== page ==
Currently, we create about 2.5 quintillion bytes of data every single day. It is estimated that by 2020 1.7MB of data will be created every single second for every person on the planet. Private companies, governments, think tanks and NGOs publish ever-bigger datasets within ever-shorter intervals. To ensure that the general public does not become distanced from societal issues and science, it is paramount that it understands the data and can interact with it. Visualising data, through infographics, charts or explanatory videos is an effective way to make data accessible and explain complex issues. Visualisation enhances stories as it allows the reader to easily verify and understand arguments made.

Compelling graphs can also help to increase engagement on social media and drive traffic to the corresponding articles. Research has shown, that humans are wired to process their environment visually. Generally, pictures are the best medium for the human brain to absorb information, which makes visual content an incredibly effective medium.

At Science in the Newsroom we’ve identified some of the most efficient and accessible tools that journalists and design teams can use to effectively communicate difficult concepts to their readers, increase engagement on social media and drive traffic to their articles.


One of the most common ways to visualise data is by using infographics such as bar charts, treemaps and pie charts. Even though this is a rather simple way to present data, it can present information that can be often abstract and dry, in a very clear way, allowing the reader to absorb the information without much effort. Arguments can be easily verified, making the story transparent and simple to follow.

The New York Times often uses strong infographics such as the graphs explaining the punishing reach of racism for black males. The graphs and bar charts displayed in the article allow the reader to grasp the most important points of the story at one glance. Another great example of compelling infographics are the animated bubbles used by Hans Rosling’s Gapminder. The bubble graph shows how income relates to life expectancy across the world.

Both types of infographics can be created using Google spreadsheets which works very similar to Microsoft’s Excel programme. No coding skills are required. To set up infographics with Google spreadsheets you highlight the data and click the chart widget. Spreadsheets offer the regular customisation options such as changing colours, headings and scales.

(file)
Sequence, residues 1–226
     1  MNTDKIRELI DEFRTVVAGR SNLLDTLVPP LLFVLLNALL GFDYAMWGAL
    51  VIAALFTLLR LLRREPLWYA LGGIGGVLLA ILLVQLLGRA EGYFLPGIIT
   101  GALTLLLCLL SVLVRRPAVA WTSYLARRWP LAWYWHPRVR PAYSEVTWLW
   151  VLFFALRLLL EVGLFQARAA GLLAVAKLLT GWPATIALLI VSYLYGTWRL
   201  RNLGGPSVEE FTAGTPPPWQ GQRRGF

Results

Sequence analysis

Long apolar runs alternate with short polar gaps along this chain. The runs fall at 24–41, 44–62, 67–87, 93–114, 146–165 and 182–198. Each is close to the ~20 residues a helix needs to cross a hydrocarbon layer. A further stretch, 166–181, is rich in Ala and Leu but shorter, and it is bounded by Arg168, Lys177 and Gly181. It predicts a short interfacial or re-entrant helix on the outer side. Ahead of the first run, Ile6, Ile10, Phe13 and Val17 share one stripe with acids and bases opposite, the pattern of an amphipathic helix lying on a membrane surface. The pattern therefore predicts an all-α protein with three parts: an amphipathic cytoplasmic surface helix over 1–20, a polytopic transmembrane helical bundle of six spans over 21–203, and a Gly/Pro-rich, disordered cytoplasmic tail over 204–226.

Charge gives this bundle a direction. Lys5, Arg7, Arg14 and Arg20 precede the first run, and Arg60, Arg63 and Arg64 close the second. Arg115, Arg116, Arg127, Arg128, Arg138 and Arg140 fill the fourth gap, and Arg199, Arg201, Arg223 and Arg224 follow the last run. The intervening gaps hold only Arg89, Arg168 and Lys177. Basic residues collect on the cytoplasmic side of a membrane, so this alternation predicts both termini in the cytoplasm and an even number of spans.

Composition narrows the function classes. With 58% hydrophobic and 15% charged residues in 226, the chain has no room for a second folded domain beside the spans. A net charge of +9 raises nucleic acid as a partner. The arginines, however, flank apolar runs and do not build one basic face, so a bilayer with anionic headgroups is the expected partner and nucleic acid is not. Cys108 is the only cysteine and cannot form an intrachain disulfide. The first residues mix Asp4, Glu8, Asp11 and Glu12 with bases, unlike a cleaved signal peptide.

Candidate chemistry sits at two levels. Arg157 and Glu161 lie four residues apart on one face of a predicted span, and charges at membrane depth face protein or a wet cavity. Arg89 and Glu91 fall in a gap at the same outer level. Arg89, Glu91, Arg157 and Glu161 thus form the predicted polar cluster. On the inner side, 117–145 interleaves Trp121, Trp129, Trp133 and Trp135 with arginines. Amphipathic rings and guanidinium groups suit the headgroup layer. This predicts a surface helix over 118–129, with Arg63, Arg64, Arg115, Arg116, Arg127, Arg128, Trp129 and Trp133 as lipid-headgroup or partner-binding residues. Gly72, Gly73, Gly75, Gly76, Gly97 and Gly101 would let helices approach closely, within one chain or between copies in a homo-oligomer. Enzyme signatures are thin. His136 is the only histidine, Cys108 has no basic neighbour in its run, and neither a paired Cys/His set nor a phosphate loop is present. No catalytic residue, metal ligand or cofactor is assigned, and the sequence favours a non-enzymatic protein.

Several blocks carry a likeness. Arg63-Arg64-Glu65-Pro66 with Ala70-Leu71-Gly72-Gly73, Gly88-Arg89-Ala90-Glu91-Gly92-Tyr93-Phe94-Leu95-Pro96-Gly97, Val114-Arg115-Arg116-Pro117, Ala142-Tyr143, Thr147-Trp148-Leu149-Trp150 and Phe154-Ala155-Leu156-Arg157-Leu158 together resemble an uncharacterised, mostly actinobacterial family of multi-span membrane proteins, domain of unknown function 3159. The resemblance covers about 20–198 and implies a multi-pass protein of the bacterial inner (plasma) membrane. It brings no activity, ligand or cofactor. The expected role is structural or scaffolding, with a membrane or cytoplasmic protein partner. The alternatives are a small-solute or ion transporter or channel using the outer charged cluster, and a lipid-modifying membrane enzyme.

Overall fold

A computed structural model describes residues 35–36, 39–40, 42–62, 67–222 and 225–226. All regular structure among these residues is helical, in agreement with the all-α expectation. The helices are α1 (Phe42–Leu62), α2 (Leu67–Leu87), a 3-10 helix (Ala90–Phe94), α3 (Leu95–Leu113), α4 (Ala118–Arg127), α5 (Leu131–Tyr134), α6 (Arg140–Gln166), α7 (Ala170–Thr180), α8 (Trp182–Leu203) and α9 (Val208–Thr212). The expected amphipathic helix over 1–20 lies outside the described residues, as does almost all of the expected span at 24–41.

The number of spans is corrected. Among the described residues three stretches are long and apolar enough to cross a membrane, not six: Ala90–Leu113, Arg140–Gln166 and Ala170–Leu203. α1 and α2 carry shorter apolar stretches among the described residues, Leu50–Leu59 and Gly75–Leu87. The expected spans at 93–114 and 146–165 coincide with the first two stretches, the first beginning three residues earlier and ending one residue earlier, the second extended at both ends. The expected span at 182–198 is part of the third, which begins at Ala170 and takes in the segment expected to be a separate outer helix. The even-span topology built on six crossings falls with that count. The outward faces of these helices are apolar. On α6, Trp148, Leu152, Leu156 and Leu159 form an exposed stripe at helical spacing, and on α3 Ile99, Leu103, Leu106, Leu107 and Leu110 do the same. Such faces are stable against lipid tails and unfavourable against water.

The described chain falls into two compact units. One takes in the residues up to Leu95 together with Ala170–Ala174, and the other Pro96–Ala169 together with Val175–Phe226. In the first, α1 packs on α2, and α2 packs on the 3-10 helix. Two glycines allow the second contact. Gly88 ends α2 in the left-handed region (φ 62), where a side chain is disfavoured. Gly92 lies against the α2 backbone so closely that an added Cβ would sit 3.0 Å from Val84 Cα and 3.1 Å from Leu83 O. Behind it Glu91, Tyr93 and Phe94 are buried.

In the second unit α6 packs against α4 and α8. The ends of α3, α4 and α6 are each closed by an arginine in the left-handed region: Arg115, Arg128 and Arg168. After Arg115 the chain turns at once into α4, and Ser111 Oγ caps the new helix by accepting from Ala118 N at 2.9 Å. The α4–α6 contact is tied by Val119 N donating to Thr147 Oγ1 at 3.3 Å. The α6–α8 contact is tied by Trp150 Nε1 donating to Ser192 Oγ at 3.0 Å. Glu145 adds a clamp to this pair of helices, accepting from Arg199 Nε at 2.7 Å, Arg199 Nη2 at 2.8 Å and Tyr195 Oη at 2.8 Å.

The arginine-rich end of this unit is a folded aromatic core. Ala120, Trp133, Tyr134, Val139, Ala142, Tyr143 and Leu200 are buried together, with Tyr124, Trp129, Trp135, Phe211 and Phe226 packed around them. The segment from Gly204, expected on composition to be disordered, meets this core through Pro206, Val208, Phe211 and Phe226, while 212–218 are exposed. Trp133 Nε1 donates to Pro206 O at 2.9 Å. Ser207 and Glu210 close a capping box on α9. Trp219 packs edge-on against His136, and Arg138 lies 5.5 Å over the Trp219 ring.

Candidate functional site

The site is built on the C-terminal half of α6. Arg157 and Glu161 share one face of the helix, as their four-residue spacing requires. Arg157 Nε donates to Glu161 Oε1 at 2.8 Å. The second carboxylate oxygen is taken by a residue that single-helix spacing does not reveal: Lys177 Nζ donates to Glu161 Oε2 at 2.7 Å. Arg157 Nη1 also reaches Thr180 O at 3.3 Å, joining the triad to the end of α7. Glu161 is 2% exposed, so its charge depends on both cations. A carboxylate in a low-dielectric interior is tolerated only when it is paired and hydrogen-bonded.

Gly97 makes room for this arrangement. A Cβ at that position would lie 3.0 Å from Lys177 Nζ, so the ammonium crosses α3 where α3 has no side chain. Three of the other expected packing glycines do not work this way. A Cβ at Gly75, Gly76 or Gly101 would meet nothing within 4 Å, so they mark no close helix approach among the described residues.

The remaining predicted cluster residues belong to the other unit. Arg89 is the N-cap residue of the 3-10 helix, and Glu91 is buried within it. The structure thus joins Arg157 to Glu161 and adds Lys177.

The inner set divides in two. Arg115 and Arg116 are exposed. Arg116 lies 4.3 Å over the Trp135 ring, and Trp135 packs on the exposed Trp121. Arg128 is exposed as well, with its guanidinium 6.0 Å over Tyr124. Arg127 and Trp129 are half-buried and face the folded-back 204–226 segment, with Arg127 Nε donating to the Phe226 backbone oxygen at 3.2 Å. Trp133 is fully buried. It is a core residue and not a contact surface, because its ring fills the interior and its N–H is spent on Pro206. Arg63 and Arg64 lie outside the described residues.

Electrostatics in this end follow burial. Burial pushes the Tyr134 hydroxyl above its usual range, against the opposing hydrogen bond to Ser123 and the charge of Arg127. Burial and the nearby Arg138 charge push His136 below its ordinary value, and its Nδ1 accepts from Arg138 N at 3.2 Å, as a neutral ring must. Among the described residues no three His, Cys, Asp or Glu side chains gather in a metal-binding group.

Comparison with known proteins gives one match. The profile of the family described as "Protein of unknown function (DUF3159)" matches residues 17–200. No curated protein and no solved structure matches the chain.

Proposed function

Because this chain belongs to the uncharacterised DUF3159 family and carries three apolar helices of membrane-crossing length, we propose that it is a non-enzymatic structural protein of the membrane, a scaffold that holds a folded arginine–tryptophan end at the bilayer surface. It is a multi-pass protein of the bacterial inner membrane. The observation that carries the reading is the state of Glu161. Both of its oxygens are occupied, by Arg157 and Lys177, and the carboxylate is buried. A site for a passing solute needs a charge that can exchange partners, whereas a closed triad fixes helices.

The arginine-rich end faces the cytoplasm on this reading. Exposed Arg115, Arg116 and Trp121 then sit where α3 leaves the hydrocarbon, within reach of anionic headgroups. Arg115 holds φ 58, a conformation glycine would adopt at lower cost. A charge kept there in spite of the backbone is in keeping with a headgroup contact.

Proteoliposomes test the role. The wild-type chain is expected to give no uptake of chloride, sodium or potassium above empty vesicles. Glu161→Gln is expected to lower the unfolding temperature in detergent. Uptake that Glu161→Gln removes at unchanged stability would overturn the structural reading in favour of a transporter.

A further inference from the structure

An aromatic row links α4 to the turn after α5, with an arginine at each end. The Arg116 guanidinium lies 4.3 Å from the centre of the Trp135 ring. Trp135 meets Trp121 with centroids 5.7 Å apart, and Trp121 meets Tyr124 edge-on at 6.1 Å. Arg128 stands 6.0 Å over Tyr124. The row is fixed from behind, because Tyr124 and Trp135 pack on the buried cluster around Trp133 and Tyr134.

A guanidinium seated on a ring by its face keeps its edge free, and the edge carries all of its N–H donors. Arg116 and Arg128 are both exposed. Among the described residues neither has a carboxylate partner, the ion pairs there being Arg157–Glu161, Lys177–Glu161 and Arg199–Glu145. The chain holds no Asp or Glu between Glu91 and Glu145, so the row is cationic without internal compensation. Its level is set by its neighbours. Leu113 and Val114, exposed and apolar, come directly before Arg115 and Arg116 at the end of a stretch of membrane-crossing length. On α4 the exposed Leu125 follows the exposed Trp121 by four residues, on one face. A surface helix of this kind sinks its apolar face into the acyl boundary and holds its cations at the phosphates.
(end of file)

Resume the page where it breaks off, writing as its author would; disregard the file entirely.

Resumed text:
Another easy to use tool is Datawrapper. It was built by journalists for journalists and does not require any coding skills. The tool’s fan base includes The Washington Post, The Guardian, Vox, BuzzFeed, The Wall Street Journal and Twitter. The layouts of the charts and maps can be customised and easily integrated in your news site. The tool is free, as long as it is only used ‘occasionally’ and the articles published do not get more than a 10,000 views per month.

Finally, there is ChartBlocks which is a user-friendly online tool that does not require any coding, and builds visualisations from databases, spreadsheets, and even live feeds. The chart is created in HTML5 by using the powerful JavaScript library D3.js. ChartBlocks allows its users to embed the created charts in any web page and to share it on Twitter and Facebook.

Interactive Visualisation

A more sophisticated way to present data is through interactive visualisation. It allows users to engage with data on a spatial and a temporal level. By enabling readers to set their own parameters and choose how it is presented, the user can ensure that the data is presented in a way that interests them most. Interactive visualisation is essentially an application on its own, giving it life outside the original story.

On top of being user-friendly, interactive graphs are a more effective means of communicating with readers. According to research by Marvin Milatz, people are better able to recall moving data, making stories that use interactive graphs more impactful and memorable.

What these could look like, was shown e.g. by Reuters in the scope of its fascinating project “Life in camps“. Reuters reported on the precarious living conditions inside the Rohingya refugee camps in Cox’s Bazar in Bangladesh. To document the rapid growth of the camp and its lack of infrastructure in the largest camp cluster, the journalists combined satellite imagery and data. The project won the award for best data visualisation at the Data Journalism Awards 2018.

One tool that allows users to visualise geographical data in an animated way is geoplotlib. This open-source library provides implementations of dot maps, spatial graphs, kernel density estimations and many more spatial visualisations. The library provides a nice collection of examples. However, be aware that the tool runs a bit bumpy and that it is based on piglet. Thus, python coding skills are required.

If you are looking for a tool that enables you to create animated graphs, Dash by plotly might be of great help. This more advanced web-based programme allows you to choose between 2D and 3D charts. Since it is built on the open source d3.js visualisation libraries for JavaScript, you can create your own programmes and features. The commercial package clearly increases user-friendliness and provides useful support.

Key take out

There are many reasons to use data visualisation in your story. There is a decent range of data visualisation tools available online to help you to enhance your report, many of which are free. While some of the more advanced programmes require coding skills it’s a good opportunity for collaboration across the newsroom especially for bigger pieces on long-term science trends.

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